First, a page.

11/01/2010 by Peter Hart
New York Times reporter Matt Bai had a long piece Sunday (10/31/10) that argued that Tea Partiers are really the right-wing version of Bush-era MoveOn activists and bloggers (the “netroots”). Bai writes of “the larger forces that unify many self-styled activists on both the left and right,” and suggests that “the recent uprisings on both ends of the ideological spectrum shouldn’t be viewed as opposing trends, but rather as points on the same cultural continuum.”
The only way to pull this off with a straight face is to decide that political beliefs that motivate both groups are not worth inspecting or critiquing. Thus activists who coalesced around opposing the war in Iraq are basically no different than Tea Party activists who believe Barack Obama is a socialist. (As the Tea Party activist Bai profiles puts it: “He’s a socialist…. There’s no question. He’s a statist.”)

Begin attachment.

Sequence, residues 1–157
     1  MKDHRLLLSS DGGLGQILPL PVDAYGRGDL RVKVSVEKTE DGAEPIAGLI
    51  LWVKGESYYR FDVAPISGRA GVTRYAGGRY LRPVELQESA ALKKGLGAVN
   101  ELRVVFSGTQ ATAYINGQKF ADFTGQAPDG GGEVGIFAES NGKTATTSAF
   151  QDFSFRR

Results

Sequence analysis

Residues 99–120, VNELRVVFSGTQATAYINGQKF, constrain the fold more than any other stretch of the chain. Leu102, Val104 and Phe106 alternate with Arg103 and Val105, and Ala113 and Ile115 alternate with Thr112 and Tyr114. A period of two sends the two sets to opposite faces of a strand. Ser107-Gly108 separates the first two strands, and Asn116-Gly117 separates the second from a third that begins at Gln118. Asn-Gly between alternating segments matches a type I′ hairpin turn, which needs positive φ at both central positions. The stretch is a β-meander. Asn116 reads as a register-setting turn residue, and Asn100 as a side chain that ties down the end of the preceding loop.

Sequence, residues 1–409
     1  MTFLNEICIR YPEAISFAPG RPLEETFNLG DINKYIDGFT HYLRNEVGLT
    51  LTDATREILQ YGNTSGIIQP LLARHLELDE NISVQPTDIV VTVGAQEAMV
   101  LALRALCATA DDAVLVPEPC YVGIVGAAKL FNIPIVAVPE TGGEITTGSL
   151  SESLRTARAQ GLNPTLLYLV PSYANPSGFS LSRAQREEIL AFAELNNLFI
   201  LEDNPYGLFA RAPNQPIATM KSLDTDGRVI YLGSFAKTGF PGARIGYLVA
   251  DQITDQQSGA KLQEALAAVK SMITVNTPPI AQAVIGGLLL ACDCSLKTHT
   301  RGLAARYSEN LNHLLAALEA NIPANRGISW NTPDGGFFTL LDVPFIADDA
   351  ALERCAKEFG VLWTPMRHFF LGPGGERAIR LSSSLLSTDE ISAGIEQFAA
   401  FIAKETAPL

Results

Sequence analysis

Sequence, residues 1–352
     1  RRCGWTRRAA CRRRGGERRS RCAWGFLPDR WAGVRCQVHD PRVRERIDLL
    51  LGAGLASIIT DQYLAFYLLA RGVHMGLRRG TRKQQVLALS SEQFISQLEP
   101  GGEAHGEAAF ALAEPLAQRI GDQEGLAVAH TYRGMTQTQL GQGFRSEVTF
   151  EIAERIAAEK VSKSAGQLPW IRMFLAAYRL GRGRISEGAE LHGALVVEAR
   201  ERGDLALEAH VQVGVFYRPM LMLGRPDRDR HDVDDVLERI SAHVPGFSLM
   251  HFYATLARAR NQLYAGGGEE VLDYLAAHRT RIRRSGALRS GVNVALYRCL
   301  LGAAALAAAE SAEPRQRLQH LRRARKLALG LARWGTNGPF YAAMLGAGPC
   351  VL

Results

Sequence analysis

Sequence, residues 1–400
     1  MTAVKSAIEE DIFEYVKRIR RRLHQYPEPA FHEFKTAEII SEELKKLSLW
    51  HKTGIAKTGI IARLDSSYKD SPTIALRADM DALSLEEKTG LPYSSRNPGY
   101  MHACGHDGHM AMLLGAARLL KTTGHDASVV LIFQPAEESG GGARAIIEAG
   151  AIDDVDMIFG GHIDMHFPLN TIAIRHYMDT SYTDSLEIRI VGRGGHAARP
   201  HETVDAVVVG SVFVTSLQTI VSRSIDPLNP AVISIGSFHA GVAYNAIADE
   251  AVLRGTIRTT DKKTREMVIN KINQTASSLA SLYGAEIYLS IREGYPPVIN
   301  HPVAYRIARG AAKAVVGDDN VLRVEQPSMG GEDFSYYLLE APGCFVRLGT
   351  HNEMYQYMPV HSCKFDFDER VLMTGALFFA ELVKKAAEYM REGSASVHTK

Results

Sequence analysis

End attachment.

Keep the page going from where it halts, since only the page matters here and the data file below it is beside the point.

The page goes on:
In a more rational media system, one would point out that one group was motivated by an actual policy decision–one that killed hundreds of thousands of people and cost hundreds of billions of dollars. The other group believes Barack Obama adheres to a political philosophy that he most certainly does not.
The ability to see these two political movements as being roughly comparable requires the suspension of critical judgment–an example of media “false balance” of the most extreme variety. At one point Bai writes: “Ideology, of course, presents an unbridgeable chasm between the progressives and Tea Partiers.” So does reality. Journalism that seeks to muddy up this inescapable truth does a great disservice.
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